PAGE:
Drought 2008 (updated October 30, 2008)
As of October 28, the U.S. Drought Monitor placed many Minnesota counties in the D0 - Abnormally Dry category or worse (see map at right). Portions of the state, most notably southeastern Minnesota, were placed in the D1 - Moderate Drought classification.
The dry conditions were the result of a lengthy stretch of dry weather that commenced in mid-June and extended through the growing season. For the period mid-June through late-October, many southeastern Minnesota communities received less than ten inches of rainfall. This represents a negative departure from normal of five to eight inches in these areas. When compared with the same nineteen-week time span in previous years, mid-June through late-October rainfall ranked below the 5th percentile (one year in twenty) in some southeastern Minnesota communities (see maps below).
Fortunately, summer temperatures were close to historical average and days with temperatures in the 90 were relatively rare. This kept evaporative demand near seasonal norms and mitigated the situation.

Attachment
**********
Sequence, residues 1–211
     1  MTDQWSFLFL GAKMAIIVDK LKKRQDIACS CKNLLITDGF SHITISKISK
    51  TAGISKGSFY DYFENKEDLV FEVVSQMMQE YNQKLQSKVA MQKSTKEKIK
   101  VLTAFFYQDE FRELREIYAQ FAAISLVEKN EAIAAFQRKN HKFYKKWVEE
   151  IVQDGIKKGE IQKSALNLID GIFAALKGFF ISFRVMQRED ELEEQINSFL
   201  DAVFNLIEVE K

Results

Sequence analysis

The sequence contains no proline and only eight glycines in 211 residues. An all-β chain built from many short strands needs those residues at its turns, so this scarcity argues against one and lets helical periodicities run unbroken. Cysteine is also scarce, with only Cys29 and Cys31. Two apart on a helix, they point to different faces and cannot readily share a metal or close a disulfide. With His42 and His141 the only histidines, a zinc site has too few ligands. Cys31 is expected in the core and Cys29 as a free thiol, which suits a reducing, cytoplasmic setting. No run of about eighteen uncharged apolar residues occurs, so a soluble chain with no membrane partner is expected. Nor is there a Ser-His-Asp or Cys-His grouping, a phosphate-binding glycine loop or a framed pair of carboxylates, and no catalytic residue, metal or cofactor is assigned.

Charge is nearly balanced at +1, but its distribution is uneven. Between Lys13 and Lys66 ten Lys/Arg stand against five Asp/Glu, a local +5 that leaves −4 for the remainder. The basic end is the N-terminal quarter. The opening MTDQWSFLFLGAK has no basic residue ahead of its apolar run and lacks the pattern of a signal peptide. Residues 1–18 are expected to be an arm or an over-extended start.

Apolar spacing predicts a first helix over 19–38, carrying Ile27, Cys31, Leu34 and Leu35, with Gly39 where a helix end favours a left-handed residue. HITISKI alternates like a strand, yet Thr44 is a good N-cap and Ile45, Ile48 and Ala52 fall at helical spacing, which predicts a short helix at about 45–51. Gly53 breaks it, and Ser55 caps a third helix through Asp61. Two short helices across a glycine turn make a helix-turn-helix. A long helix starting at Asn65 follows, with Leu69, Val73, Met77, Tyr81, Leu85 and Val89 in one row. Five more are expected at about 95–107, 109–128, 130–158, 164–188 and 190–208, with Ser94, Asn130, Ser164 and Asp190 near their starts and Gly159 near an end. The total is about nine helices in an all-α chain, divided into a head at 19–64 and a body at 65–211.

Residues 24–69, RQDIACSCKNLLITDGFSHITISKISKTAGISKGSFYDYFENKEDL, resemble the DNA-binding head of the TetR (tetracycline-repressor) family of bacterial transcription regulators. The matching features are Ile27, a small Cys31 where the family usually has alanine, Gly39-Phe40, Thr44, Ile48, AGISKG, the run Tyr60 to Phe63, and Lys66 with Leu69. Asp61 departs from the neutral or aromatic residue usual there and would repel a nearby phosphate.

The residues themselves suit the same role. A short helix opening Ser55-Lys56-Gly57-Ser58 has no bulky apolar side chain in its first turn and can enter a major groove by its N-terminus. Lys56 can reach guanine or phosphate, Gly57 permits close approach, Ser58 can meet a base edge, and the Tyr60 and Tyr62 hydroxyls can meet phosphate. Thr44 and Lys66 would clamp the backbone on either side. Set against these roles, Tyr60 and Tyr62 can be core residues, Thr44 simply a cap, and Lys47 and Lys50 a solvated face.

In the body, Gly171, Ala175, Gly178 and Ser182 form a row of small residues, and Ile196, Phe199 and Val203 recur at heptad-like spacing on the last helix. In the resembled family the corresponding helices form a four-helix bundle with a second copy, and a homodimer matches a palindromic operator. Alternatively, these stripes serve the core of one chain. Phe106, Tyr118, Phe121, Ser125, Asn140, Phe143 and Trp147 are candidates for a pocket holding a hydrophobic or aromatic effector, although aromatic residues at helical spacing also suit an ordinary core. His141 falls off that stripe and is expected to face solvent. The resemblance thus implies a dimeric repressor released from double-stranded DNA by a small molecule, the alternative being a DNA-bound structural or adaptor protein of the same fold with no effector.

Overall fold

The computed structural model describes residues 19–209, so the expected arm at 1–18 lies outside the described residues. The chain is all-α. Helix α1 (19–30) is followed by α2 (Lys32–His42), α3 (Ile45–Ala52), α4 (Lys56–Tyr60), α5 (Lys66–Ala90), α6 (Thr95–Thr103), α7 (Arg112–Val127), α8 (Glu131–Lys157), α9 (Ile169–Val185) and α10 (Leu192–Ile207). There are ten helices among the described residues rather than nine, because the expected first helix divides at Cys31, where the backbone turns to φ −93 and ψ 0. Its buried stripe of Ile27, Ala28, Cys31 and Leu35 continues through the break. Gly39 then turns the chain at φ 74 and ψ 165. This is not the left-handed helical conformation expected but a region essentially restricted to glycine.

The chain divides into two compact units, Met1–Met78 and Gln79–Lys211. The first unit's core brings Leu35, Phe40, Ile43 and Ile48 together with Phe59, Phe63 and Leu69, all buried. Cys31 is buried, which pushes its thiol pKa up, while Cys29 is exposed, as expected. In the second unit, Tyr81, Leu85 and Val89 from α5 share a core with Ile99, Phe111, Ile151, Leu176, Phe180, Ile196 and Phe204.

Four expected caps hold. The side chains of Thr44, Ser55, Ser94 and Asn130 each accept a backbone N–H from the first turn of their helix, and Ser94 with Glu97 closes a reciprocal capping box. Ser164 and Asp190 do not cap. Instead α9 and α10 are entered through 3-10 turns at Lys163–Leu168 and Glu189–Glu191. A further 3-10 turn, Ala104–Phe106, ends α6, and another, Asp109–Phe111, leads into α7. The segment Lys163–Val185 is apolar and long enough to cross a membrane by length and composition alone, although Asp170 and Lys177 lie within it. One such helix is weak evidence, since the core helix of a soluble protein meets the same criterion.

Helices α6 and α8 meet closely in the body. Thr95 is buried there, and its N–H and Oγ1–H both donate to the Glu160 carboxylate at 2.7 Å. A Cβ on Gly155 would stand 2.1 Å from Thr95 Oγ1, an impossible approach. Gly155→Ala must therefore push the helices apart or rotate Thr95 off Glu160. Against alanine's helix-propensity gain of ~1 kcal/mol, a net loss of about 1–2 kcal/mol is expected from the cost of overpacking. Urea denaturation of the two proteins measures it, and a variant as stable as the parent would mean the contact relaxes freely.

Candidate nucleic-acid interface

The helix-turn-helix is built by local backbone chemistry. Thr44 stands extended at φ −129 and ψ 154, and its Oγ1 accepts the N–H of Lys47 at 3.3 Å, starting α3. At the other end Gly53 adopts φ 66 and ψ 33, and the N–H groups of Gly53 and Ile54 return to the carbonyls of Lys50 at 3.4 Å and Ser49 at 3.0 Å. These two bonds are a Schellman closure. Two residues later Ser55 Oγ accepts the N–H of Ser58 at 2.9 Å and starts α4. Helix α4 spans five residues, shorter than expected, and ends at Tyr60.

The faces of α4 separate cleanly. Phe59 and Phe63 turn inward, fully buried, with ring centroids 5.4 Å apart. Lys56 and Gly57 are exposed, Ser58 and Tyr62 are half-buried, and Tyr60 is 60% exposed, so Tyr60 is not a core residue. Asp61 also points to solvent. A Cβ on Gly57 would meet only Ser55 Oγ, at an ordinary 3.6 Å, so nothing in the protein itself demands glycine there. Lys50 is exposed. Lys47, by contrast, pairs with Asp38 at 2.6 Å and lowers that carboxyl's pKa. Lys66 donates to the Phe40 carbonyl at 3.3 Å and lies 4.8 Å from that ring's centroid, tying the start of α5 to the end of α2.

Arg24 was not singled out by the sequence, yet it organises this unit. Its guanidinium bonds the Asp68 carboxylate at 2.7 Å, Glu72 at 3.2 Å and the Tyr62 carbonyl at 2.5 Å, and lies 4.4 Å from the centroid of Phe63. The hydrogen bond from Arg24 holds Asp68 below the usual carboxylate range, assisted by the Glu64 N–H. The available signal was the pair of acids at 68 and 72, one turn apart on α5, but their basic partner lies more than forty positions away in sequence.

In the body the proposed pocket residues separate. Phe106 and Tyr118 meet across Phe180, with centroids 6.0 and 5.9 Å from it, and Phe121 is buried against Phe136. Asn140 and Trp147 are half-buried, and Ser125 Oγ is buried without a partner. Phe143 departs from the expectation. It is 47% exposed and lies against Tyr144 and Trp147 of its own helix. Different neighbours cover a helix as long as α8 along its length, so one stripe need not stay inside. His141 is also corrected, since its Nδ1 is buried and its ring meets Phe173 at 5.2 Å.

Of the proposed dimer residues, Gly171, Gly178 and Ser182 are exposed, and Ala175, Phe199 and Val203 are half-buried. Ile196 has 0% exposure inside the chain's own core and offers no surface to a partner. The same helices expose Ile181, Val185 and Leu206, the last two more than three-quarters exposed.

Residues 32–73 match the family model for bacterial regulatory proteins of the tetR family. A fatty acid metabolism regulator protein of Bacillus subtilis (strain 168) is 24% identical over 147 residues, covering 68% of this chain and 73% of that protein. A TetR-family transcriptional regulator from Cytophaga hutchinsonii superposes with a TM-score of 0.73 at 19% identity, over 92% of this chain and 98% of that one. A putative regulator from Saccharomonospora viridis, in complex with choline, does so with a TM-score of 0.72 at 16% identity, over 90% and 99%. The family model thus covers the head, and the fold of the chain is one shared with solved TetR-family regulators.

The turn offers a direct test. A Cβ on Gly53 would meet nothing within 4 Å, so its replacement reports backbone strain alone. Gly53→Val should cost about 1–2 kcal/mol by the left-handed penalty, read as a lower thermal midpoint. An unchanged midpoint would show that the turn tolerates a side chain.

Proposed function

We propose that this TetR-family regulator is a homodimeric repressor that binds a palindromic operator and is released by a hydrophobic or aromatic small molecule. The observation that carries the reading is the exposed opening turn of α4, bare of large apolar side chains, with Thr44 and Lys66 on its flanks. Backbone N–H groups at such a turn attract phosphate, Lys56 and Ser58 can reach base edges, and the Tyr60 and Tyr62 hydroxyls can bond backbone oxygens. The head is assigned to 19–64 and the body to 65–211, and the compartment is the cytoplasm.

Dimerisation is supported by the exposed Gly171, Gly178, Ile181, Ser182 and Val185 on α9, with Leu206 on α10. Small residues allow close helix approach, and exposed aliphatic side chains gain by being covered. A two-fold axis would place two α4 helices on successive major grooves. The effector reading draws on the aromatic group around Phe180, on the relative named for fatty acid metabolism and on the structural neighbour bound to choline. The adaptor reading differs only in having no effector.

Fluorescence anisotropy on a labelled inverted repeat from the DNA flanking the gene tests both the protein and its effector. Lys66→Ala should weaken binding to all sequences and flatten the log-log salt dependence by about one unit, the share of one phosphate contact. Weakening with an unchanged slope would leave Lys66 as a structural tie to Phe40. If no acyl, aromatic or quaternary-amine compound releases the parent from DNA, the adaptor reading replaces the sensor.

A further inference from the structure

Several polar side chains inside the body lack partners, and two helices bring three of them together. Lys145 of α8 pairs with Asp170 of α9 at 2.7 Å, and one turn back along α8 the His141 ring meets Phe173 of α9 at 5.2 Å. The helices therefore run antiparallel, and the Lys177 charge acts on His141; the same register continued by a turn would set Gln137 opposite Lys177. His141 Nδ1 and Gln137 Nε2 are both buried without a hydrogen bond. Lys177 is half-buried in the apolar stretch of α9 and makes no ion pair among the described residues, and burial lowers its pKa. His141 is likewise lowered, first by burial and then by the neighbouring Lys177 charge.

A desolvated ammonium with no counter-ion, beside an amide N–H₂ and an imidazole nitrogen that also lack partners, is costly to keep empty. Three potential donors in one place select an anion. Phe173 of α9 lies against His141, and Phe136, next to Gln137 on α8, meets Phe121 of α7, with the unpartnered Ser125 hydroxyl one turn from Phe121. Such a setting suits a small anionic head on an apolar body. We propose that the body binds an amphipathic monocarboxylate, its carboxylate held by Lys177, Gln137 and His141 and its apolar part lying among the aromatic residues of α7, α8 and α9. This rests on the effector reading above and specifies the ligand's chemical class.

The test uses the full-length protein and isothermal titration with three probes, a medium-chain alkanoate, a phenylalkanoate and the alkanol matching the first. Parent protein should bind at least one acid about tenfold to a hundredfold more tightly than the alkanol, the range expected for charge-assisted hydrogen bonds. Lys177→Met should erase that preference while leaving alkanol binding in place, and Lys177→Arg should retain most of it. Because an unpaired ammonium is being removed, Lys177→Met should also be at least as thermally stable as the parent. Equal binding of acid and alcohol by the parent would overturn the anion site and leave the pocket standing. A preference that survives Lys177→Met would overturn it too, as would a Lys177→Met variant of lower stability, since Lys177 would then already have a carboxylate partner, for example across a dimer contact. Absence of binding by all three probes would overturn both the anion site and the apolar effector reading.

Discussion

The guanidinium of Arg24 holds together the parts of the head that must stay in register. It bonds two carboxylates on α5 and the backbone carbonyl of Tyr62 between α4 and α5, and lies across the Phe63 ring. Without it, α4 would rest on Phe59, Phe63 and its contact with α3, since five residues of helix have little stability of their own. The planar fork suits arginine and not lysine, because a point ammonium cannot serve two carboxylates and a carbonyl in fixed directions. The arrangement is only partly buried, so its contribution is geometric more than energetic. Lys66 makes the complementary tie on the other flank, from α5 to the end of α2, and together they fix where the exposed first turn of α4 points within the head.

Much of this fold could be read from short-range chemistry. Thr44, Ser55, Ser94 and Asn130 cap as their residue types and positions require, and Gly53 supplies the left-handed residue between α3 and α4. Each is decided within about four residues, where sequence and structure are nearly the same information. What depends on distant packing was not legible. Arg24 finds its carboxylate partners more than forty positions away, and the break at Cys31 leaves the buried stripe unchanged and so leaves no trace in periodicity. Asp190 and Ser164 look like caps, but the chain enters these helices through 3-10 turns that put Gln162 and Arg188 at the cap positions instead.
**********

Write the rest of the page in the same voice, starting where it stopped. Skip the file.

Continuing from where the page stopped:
Previous week's weather:
The weekly rainfall map for October 21 through October 27 showed that rainfall totals were quite large in southwestern Minnesota. One to two inch rainfall reports were common throughout that region. For the most part, October rains removed drought concerns for all southwestern Minnesota counties. Temperatures for the week were close to seasonal averages.
- Agriculture - The Agricultural Statistics Service reported that as of October 24, topsoil moisture across 9 percent of Minnesota's landscape was "Short" or "Very Short". Of greater concern are soil moisture supplies deeper in the soil profile. Subsoil moisture measurements taken at the University of Minnesota - Southern Outreach and Research Center in Waseca were below the long-term average in mid-October.
- Stream flow - Late-October stream discharge in Minnesota rivers and streams was highly variable across the state. Some Minnesota streams reported flows that were below the 25th percentile in the historical distribution for the final week of October. By contrast, the Red River and many of its tributaries reported very high flows in response to heavy rains that fell in the late summer and autumn.
- Wildfire Danger - The Department of Natural Resources - Division of Forestry classified late-October wildfire danger as Low throughout Minnesota.